Such policies sometimes have different social purposes. Policies like the Australian baby bonus are termed "familism," as they are clearly designed to increase the number of children. In contrast, parental leave policies are designed to create a better "work-family balance," actually helping working mothers stay attached to the workplace and remain productive contributors to the economy. Familist, or "natalist" policies, as they are sometimes described, have a long legacy in Europe, particularly in countries with a strong Catholic heritage. But as more women have entered the workforce in recent decades, family policy is increasingly part of a broader discussion about the link between family responsibilities and women's economic status and productivity. Some would argue that the lack of sufficient support for family responsibilities is undermining the economy by weakening women's ties to employment and limiting their opportunities for advancement. As women contribute more and more to household buying power (44 percent of earnings in dual-income households) and increasingly predominate in high-growth fields such as education and health care, paid parental leave is not just a social benefit but an essential support system for national productivity.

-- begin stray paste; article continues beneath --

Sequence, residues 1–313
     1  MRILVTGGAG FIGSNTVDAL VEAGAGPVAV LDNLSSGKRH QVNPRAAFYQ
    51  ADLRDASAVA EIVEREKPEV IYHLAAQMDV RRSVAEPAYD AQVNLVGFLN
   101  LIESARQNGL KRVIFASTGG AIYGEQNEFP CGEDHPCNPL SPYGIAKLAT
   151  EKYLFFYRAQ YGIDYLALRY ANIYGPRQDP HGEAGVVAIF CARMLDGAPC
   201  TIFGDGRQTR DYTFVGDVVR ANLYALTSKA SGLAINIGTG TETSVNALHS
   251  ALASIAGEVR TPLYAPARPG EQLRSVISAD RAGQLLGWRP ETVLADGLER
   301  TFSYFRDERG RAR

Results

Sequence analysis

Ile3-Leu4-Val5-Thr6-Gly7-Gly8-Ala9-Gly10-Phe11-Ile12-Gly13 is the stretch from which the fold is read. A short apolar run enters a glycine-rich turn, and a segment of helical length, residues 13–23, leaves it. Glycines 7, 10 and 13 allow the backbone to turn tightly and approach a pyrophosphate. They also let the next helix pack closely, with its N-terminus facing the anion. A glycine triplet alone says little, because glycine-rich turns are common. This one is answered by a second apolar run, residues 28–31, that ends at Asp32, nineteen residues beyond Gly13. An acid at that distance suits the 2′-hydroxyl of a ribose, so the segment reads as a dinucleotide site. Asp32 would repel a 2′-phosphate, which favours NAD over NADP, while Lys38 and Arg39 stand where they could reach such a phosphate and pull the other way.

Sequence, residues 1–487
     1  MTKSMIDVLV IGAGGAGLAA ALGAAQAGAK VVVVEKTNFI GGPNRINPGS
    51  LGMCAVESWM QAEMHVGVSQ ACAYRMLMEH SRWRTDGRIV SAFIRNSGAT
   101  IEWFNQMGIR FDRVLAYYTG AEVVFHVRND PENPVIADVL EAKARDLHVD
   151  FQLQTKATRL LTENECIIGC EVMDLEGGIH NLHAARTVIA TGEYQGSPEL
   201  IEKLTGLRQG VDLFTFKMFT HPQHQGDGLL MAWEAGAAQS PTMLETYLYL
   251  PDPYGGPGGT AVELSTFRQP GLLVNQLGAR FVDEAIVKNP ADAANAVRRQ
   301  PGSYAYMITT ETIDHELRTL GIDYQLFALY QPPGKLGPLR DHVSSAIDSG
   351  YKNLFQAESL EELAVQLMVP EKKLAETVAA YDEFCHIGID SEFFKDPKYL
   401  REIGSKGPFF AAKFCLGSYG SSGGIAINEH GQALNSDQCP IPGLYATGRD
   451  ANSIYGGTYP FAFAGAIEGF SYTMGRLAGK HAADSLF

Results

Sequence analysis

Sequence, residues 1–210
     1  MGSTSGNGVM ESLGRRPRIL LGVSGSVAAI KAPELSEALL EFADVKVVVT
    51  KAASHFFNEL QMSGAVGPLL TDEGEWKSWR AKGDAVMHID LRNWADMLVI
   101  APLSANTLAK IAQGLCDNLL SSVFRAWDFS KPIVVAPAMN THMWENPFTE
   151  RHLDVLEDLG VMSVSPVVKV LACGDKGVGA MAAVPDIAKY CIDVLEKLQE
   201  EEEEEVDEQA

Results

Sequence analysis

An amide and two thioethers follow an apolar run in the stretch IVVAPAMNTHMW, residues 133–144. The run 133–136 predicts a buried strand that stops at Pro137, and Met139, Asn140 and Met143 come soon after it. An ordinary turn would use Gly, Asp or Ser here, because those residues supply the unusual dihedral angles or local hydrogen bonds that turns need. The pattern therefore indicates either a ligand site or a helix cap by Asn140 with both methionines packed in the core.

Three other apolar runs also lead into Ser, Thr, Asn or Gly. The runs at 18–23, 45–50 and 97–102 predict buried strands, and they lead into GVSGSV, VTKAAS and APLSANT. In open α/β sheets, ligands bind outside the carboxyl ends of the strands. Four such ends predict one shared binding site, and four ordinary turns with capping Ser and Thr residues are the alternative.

The United States does have one explicit family policy, the Family and Medical Leave Act, passed in 1993. It entitles workers to as much as 12 weeks unpaid leave for care of a newborn or dealing with a family medical problem. Despite the modesty of the benefit, the Chamber of Commerce and other business groups fought it bitterly, describing it as "government-run personnel management" and a "dangerous precedent." In fact, every step of the way, as (usually) Democratic leaders have tried to introduce work-family balance measures into the law, business groups have been strongly opposed.